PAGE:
Hands on: AfterShokz Xtrainerz review

A new way to get you swimming

What is a hands on review?
TODO alt text

Early Verdict

While we’re big fans of the bone-conducting headphones from Aftershokz, the lack of Bluetooth connectivity make these expensive options a much harder sell.

For

  • Great lightweight design
  • Perfect for open water swimming

Against

  • No Bluetooth connectivity
  • Expensive

 The Aftershokz Xtrainerz, launched at CES 2019, are headphones designed to help you enjoy swimming that little bit more.

Not through making the act of splashing around any more palatable, but more to do with the fact that you can now be entertained with podcasts or music while you’re remembering how to not breathe underwater.

The technology and idea is really interesting - but they are limited by one key missing feature.

Aftershokz Xtrainerz price and release date

We’re still waiting for an exact time, but the Xtrainerz release date has been set for ‘spring 2019’ - so we’d expect them around March / April.

In terms of the Xtrainerz price, they’re set at £150 / $150 (around AU$210), which isn’t too high a tariff given what they can do.

 Design 

Image 1 of 3

Image 2 of 3

Image 3 of 3

In terms of the design, we’re still amazed at how much technology can be squeezed into such a tiny space.

The slim, lightweight design is comfortable to wear, and is reminiscent of the Trekz Air headphones from the brand, which last for a few hours while barely feeling like they’re attached to your head.

The bone-conducting pads sit just in front of your ear holes, vibrating the music in, and the band sits nicely around the back of your skull.

There are four buttons on the Aftershokz Xtrainerz, and they’re mostly easy enough to press (one of the issues with previous models from the brand were the keys requiring too hard a push, but that issue has been rectified).

The only struggle we had was with the mode button, which allows users to shuffle their music or activate in / out of water mode, as that will change the sound output to improve the quality for the conditions - this is something we’re looking forward to trying when splashing about in the pool.

In terms of charging, it’s not great to have an exposed port on something that’s IP68-rated, so Aftershokz has added a clip-on charger (that also doubles as a way to get music onto the headset).

We’re never fans of proprietary chargers, as they’re easy to lose, and this is a bit chunkier - but it makes sense given the need to stop water ingress.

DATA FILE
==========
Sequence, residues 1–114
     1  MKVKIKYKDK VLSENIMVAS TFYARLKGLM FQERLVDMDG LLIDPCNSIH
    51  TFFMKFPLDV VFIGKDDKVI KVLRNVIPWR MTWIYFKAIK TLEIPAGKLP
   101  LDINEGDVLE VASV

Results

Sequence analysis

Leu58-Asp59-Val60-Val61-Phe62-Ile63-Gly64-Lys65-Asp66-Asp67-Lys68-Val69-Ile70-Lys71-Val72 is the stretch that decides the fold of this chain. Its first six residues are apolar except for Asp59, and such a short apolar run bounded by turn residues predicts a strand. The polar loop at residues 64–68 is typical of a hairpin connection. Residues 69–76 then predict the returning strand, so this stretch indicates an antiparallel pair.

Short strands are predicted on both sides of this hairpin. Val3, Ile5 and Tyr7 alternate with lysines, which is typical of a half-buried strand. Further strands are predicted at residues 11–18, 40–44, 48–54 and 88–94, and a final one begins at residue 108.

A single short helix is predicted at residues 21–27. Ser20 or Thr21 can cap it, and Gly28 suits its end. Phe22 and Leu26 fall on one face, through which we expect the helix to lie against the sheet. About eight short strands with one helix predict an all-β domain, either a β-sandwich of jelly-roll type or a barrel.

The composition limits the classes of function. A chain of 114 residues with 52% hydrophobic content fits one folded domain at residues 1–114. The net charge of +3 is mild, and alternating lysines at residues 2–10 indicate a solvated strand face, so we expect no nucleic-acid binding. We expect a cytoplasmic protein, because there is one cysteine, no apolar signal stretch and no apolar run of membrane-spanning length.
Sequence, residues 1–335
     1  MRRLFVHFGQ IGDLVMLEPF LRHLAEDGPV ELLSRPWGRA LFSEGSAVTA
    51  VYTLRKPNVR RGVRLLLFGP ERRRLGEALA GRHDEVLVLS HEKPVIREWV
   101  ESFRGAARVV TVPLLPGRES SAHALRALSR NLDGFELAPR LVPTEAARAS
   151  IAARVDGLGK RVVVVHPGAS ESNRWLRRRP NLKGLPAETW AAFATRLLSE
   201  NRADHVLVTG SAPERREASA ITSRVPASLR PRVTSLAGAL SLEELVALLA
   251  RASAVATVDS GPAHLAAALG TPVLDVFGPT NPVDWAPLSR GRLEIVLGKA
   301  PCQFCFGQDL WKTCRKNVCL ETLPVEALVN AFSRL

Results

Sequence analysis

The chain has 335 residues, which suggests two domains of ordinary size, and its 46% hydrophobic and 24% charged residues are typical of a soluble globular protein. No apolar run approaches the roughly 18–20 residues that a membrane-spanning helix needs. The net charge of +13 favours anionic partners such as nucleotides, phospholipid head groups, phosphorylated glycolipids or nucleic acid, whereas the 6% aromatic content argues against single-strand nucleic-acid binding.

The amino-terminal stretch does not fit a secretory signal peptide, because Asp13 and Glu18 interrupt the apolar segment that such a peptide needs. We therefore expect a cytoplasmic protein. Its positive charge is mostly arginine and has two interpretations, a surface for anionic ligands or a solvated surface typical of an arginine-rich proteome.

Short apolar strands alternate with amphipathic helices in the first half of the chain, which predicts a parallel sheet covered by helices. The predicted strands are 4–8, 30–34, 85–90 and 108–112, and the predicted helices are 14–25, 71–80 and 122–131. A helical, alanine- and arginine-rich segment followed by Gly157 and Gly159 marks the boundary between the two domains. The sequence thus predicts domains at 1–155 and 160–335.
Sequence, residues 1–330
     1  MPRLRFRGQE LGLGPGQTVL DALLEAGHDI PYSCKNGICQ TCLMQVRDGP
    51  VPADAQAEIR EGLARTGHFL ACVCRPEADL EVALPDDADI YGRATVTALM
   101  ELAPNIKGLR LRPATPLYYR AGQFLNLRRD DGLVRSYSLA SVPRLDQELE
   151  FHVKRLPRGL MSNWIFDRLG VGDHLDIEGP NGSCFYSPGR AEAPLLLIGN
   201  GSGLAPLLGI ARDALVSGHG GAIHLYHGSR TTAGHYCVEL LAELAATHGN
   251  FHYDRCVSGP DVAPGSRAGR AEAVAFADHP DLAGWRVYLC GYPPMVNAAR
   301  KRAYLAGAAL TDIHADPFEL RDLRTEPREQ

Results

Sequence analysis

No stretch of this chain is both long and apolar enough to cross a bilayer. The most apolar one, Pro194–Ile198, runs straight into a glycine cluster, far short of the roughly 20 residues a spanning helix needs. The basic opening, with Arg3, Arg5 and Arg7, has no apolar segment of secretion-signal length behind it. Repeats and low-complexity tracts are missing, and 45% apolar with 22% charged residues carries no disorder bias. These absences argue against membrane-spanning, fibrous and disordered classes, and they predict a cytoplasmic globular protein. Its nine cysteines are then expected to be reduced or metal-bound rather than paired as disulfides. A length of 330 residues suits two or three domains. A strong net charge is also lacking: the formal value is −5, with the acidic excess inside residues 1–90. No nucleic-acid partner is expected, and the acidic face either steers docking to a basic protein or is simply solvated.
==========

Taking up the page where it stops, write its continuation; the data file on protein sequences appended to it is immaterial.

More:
Music playback

As mentioned, we’ve long been fans of the Aftershokz range of headphones, because bone conduction is not only safer, it’s a weirdly cool technology.

There’s something amazing about putting your fingers in your ears and still hearing the music playing, and we imagine under the water that’s going to be even more impressive. The quality hasn’t necessarily improved too much, but given your own bones are technically the speakers, we’re never expecting amazing audio.

The big missing feature here is Bluetooth connectivity, for a couple of reasons. Firstly, it means that you can’t use these more costly headphones paired with your phone when out and about - so you’ll need separate options for that.

It has to be said that Bluetooth in the water isn't really possible unless you're really close to the source of the playback - and given you're moving about all over the place that's not going to happen.

However, that doesn't mean it shouldn't be on there - Bluetooth playback when you're out of the water is a must, given you've spent so much money on these things, so they should also function like the Aftershokz Air or Titanium as well.

The more pressing issue is that you can only listen to MP3s or podcasts you’ve got stored on a computer and can be transferred to the Aftershokz Xtrainerz. With the wealth of waterproof phones on the market right now, you’d have expected the option to be able to stream music or podcasts directly to be bundled right in.

Early verdict

There’s not a lot to say about the Aftershokz Xtrainerz that a simple description of what they do can’t achieve. They're bone conducting headphones, they're lightweight and they're water resistant for swimming entertainment.

They’re comfortable, lightweight and do something very few others are doing right now. We’re not sure on the battery life, but with resistance to seawater these headphones sound brilliant for triathlon training, able to switch from any pool or ocean to the bike or run with ease.

The lack of Bluetooth connectivity is disappointing for the money - if that was there, these could have laid claim to the best sports headphones ever made. We still think that there's a market for them - those that want headphones that can last an Iron Man race, or at least the training (given you can't actually race in headphones) will snap up anything that can actually do that.

Hopefully future versions will allow for more all-round use - but even just being able to function underwater without going in the ears is a neat new innovation.

  • Check out all of TechRadar's CES 2019 coverage. We're live in Las Vegas to bring you all the breaking tech news and launches, plus hands-on reviews of everything from 8K TVs and foldable displays to new phones, laptops and smart home gadgets. 

What is a hands on review?

'Hands on reviews' are a journalist's first impressions of a piece of kit based on spending some time with it. It may be just a few moments, or a few hours. The important thing is we have been able to play with it ourselves and can give you some sense of what it's like to use, even if it's only an embryonic view. For more information, see TechRadar's Reviews Guarantee.